A critical contribution to discussions of equal access and of systemic racism.



Separate but equal—even primary grade students understand this prejudicial oxymoron.

Separation is never equal. When the Lemon Grove School District’s board of trustees decided to expel every one of the 75 students who were of Mexican American descent in order to establish an all-White student body, the Lemon Grove Neighbor’s Committee—Comité de Vecinos de Lemon Grove—decided to take action. The Mexican consul in San Diego provided lawyers who filed on behalf of 12-year-old Roberto Alvarez in San Diego’s California Superior Court. Exploding the board of trustees’ assertion that the minority students were “backward and deficient,” Roberto himself, in fluent English, defended his position. This was the “first successfully fought school desegregation case in the United States.” On April 16, 1931, the decision was made public: “to immediately admit and receive…Roberto Alvarez, and all other pupils of Mexican parentage…without separation or segregation.” Brimner’s straightforward narrative follows Roberto Alvarez from his return to school after Christmas vacation only to be told he was no longer welcome to the day he was able to receive the same education as the White students. The substantial author’s note places this case in context with other desegregation cases in the U.S.—particularly in California. Gonzalez’s colorful and detailed mural-esque illustrations make the historical flavor of the times accessible.

A critical contribution to discussions of equal access and of systemic racism. (photos, sources, source notes) (Informational picture book. 8-11)

Pub Date: Sept. 14, 2021

ISBN: 978-1-68437-195-2

Page Count: 40

Publisher: Calkins Creek/Boyds Mills

Review Posted Online: July 27, 2021

Kirkus Reviews Issue: Aug. 15, 2021

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Interesting anecdotes mitigate the missed opportunities in this history.



Primary sources enliven this history of the New York state refugee camp that housed nearly 1,000 people displaced by the Nazis.

In 1944, a U.S. Navy ship brings 982 displaced people from Italy to New York’s Fort Ontario in Oswego. The vast majority—874—are Jews, the rest are Christians, and all are refugees from Nazi-occupied Europe. They’re the beneficiaries of a far too limited American program to help some victims of horrific persecution. Augmented by photographs and drawing on first-person accounts and government records, this is a history of European refugees, many of whom are death-camp survivors, who exist in a middle ground between immigrant and prisoner. They’ve signed agreements acknowledging that they’re “guests” who aren’t allowed to work and who’ll be returned to Europe at the war’s end. But it’s still upsetting that they’re confined in the camp. In creating the camp, the War Relocation Authority drew on its expertise in running the Japanese concentration camps (called “internment camps” in the text) in the U.S.; after pointing this out, the history doesn’t ask any of the uncomfortable questions thus raised. The judgment of the government’s treatment of the White (by American standards, if not by German) refugees is mostly positive. A brief introduction to nativism and “America First” policies yields to praise of the friendships between New Yorkers and the refugees. Quoted primary sources aren’t always well-contextualized in the text.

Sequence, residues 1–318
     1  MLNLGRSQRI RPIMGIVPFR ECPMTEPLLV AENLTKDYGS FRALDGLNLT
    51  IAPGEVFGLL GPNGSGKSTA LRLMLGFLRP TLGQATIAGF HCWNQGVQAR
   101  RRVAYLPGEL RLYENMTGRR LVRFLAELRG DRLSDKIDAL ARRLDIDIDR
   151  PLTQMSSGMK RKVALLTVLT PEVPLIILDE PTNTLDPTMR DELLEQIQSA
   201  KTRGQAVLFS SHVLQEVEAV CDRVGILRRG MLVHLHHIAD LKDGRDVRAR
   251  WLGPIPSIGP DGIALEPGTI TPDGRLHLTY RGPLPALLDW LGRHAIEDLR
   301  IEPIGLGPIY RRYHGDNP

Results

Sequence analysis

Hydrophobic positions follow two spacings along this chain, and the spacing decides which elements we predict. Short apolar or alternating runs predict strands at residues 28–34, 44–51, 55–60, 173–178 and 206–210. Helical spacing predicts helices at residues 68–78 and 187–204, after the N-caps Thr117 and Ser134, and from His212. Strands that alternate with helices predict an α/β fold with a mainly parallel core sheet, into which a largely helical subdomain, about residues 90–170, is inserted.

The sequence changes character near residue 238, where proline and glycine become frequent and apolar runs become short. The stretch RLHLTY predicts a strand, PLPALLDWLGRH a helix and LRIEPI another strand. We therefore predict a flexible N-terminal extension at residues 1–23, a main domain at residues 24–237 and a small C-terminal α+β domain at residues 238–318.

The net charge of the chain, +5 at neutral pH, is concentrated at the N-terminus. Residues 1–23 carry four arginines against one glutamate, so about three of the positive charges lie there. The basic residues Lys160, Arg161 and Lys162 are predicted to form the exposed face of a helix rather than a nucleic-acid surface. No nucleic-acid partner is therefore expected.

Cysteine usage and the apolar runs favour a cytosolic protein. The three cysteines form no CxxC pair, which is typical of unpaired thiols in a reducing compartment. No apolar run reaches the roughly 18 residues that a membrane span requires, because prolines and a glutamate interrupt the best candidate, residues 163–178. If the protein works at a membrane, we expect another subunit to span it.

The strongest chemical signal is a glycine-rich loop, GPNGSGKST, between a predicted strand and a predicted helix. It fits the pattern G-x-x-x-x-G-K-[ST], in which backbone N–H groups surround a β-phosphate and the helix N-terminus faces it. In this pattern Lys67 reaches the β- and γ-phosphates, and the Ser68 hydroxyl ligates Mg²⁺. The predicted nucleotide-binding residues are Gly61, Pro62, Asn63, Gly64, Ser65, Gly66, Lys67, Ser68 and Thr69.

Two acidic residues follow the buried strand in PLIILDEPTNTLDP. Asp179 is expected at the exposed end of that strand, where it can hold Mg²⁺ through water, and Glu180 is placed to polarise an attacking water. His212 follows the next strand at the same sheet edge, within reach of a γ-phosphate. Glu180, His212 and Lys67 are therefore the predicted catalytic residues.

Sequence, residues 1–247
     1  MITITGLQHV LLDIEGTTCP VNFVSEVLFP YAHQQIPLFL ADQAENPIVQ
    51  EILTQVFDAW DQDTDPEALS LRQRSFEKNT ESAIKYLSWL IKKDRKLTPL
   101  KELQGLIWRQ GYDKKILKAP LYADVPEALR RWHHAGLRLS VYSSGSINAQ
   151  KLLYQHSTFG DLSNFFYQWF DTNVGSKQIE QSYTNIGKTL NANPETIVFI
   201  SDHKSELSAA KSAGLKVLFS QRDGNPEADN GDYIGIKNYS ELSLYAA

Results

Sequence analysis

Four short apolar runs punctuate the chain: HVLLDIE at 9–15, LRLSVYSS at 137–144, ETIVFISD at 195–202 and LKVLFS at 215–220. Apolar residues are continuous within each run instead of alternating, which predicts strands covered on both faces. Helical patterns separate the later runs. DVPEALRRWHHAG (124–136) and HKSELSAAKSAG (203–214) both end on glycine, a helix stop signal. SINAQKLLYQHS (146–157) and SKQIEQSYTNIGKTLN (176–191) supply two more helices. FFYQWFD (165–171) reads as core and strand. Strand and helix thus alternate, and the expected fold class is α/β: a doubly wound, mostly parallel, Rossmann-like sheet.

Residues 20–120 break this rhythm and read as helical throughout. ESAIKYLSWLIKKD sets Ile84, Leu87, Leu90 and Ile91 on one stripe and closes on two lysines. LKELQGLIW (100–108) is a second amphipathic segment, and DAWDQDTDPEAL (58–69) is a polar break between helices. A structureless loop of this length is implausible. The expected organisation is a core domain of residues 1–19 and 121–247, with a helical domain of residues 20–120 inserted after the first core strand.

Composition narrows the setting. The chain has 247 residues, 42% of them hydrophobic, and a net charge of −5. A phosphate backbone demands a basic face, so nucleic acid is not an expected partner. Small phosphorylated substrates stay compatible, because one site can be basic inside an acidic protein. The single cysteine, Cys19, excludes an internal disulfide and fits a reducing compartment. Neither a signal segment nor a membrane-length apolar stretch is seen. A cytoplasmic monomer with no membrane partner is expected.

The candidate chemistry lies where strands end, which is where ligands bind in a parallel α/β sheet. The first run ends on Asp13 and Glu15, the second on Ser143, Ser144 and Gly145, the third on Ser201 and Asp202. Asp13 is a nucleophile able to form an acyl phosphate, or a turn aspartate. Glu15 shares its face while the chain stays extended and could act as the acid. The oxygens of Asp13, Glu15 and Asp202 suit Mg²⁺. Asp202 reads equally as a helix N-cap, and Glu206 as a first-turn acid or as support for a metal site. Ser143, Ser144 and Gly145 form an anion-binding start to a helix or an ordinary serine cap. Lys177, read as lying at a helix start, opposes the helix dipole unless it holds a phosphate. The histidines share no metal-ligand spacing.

Interesting anecdotes mitigate the missed opportunities in this history. (epilogue, timeline, bibliography) (Nonfiction. 9-11)

Pub Date: June 8, 2021

ISBN: 978-1-64160-383-6

Page Count: 176

Publisher: Chicago Review Press

Review Posted Online: May 5, 2021

Kirkus Reviews Issue: May 15, 2021

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Engaging episodes, not beyond the ken of the current generation and lit with just enough sentiment to give them a warm glow.



A second set of childhood memories from the author of Marshfield Dreams (2005)—these spun around the feeling of being an “in-betweener” in his family as eldest of eight (later nine) siblings.

Fletcher opens with an elaborate neighborhood map (“Marshfield was my Middle-earth,” he writes) and goes on in short chapters to recall the pleasures—and sometimes tribulations—of being a Boy Scout, playing marbles, joining a muddy scramble to gather a bucket full of frogs, having the house to himself for a day, getting a pocket transistor radio, and like treasured moments around age 10. Other memories, such as learning that a Sunday school acquaintance who shared his love for chocolate Necco Wafers had died and seeing his school bus driver Ruben Gonsalves silently watch his son get slapped (wondering since if the 1964 incident would have even happened in his “white town…but for the color of their skin”), spark more complex responses. In an epilogue he tallies other less halcyon memories, capped by the later death of a brother covered in greater detail in the previous volume. Still, like the mock funeral his friends gave him when he and his family moved away from Marshfield, readers will find these reminiscences “sad, funny, a little weird, and very sweet.”

Engaging episodes, not beyond the ken of the current generation and lit with just enough sentiment to give them a warm glow. (Memoir. 9-11)

Pub Date: Nov. 13, 2018

ISBN: 978-1-62779-524-1

Page Count: 208

Publisher: Christy Ottaviano/Henry Holt

Review Posted Online: Sept. 30, 2018

Kirkus Reviews Issue: Oct. 15, 2018

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